Geisha of Gion: The True Story of Japan’s Foremost Geisha (Memoir of Mineko Iwasaki) [Mineko Iwasaki] on *FREE* shipping on qualifying offers. Editorial Reviews. About the Author. MINEKO reached the peak of her career as a geisha in the Geisha of Gion: The True Story of Japan’s Foremost Geisha ( Memoir of Mineko Iwasaki) – Kindle edition by Mineko Iwasaki, Rande Brown. Mineko Iwasaki, the greatest of the legendary Kyoto geisha girls, was the kind of geiko (the Gion word for a qualified geisha) who came along.
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She’s just flown half way around the world to be at some boring state dinner. Apparently, according to Wikipedia: Also great introduction to Japanese iwssaki. She simultaneously loves and criticizes the hierarchical social structure, restrictiveness, skill, artistry, and effort that contribute to a geisha’s craft, particularly as interacts with gender and as it has failed to change with the times; her experience and opinions are fervent and complex.
I thoroughly enjoyed this memoir. Part of Iwasaki’s displeasure with Memoirs may have been because the character Sayuri seems obviously modeled on Iwasaki, with many of the book’s main characters and events having parallels in Iwasaki’s life. These people and experiences are often portrayed negatively in Memoirseven when their real-life counterparts were positive for Iwasaki.
My only big complaint about this book is the writing itself.
View all 4 comments. That geissha why it is fiction. And no, I’m not terribly interested in that aspect. Heather McAlister White male privilege at its finest: And Mineko must first contend with gionn bitterly jealous sister who is determined to sabotage her success. The beginning of the book is confusing; first we are told Mineko accepted adoption into the world of Gion because she just had to be a dancer; then we find out she was only about five or six when she left her parents to be adopted legally by the teahouse.
Book: Geisha of Gion | James Kennedy
She certainly valued the traditions, even while trying to modernize and improve them ie: Written by the real-life geisha that supposedly inspired the protagonist of the same name in Memoirs of a Geisha. She went on to face death threats and wrote this book to tell the true story of her life. Mar 13, Crystal Navarro rated it liked it Shelves: I can’t remember what happened last week as clearly as she recounts the events of her early childhood.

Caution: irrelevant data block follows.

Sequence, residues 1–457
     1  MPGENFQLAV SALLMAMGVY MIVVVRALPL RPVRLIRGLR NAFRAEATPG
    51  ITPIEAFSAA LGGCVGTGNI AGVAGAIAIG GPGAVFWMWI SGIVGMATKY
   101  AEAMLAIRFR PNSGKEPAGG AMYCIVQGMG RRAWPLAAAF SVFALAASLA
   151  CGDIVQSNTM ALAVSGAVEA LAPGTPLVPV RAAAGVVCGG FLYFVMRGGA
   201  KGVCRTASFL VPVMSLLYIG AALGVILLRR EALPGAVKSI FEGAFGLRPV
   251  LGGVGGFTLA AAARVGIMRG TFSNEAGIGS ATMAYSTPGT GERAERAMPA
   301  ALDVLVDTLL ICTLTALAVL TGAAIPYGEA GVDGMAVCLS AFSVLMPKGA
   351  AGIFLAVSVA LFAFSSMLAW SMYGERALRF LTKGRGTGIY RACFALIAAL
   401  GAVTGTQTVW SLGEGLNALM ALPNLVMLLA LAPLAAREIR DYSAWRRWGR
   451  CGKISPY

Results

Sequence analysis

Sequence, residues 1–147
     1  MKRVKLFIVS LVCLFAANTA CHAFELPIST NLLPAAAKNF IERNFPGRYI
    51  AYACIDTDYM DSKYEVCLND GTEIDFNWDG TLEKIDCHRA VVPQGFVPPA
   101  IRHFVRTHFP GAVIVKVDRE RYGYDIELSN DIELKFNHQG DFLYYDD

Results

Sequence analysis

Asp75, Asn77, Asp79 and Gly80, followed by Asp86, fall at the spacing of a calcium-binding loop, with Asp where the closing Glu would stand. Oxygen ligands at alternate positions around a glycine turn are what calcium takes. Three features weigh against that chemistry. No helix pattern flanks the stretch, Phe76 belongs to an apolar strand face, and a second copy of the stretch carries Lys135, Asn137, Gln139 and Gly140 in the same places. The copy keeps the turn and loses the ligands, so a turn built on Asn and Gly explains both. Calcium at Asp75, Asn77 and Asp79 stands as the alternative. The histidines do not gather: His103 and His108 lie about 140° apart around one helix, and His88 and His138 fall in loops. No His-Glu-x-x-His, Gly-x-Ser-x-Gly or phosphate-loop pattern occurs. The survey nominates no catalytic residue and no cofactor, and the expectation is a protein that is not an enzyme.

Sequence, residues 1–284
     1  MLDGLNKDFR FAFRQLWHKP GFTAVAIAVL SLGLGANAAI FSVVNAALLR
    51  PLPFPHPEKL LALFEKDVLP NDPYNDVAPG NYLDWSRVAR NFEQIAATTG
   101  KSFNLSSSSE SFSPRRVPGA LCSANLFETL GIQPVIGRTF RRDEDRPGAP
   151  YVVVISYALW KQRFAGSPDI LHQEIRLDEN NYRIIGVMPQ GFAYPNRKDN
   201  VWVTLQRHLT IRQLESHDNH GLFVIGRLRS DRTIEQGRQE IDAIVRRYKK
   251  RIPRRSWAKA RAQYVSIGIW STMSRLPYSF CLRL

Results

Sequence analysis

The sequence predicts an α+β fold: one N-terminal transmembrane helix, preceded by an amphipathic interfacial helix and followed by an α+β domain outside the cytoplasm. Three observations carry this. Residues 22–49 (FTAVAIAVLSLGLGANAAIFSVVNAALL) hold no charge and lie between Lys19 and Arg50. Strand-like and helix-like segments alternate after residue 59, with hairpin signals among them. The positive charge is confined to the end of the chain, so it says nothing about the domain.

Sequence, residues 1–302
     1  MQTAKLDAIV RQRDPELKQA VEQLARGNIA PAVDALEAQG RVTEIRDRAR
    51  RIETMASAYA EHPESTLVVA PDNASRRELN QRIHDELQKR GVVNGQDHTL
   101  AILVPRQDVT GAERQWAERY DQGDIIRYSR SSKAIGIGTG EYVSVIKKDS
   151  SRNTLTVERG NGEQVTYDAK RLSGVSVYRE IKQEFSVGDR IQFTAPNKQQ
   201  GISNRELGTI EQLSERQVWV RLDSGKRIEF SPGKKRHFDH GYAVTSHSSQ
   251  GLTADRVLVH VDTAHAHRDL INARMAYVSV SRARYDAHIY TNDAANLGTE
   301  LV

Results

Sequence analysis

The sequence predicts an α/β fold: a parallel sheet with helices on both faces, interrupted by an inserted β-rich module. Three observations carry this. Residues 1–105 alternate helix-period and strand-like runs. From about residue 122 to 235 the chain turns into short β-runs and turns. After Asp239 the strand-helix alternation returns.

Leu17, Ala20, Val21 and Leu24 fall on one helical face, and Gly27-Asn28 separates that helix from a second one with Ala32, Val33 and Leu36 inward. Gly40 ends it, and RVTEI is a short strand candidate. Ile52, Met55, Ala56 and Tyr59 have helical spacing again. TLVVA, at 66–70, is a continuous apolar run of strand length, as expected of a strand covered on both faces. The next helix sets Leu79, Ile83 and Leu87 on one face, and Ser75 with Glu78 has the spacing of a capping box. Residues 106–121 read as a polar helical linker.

She loves the dance and the culture, but in the end, the rules surrounding behaviour and choice for geisha are too limiting, not to mention the institution’s lack of forward thinking and willingness to change. You pick it rather than bow it, and it’s held like a guitar rather than a viola.
I liked the insight to traditional Japanese culture, something I’ve been interested in since my youth. According to Iwasaki, she agreed to speak with Golden on the condition that her involvement would be kept confidential, but Golden revealed her identity by mentioning her name in the book’s acknowledgments  as well as several national interviews.
Geisha of Gion : Mineko Iwasaki :
Like it kind of made me laugh. She takes up golf: If you’re readi I’d give this 2.
Iwasaki was the most famous Japanese Geiko iwaaki Japan until her sudden publicized retirement at the age of Golden created composite characters and different settings and scenarios so that the novel could read like fiction, thus honoring the protection-of-privacy deal he’d had with the real-life geisha. It is accorded spiritual significance. There is a lot here about the Japanese culture and the pictures really help you place the descriptions.
I would have been able to follow along easier if it was told from a time line perspective rather than event perspective oof to speak. They write the tallies down on slips of paper that they place in a box in the entryway of the ochaya. Put straightforward, Jwasaki Iwasaki is a bad ass, and I would love to meet her one day if possible.
Account Options Sign in. And being Geiko Geisha is not an easy thing. Geisha, a Life is the first of its kind, as it delicately unfolds the fabric of a geisha’s development. Geisha of Gion Mineko Iwasaki. Oct 12, Elizabeth rated it it was amazing Shelves: Why did the mother gelsha the household hand her such an important responsibility over Mineko?
She claims to of had a premonition of a friend’s death. I expected a pretty basic factual account, but was pleasantly surprised by Mineko’s escapades – hiding in the closet as a kid, working her hardest to embrace her passion for dancing, chasing down the pervy men who harassed her.
Iwqsaki French translation must be gentler than the English geishx, as there is quite a lot of self-deprecating humour included in the tales of her beginnings as maiko, and her bid for independence when she gets her first apartment at twenty-one and tries to learn to shop and cook for herself.
You’re considering reading Memoirs of a Geisha, but didn’t realise this was the true story. I came to really like Iwasaki – she seemed honest about the blessings and shortcomings of life in Gion Kobu.
Geisha, a Life is her story — at times heartbreaking, always awe-inspiring, and totally true. She does talk about kimonos, hairstyles, ceremonial passages from one stage to another, but it’s all pretty superficial. But this doesn’t mean we are doormats. Mineko Iwasaki tells geishx story of her life as a geisha in Japan.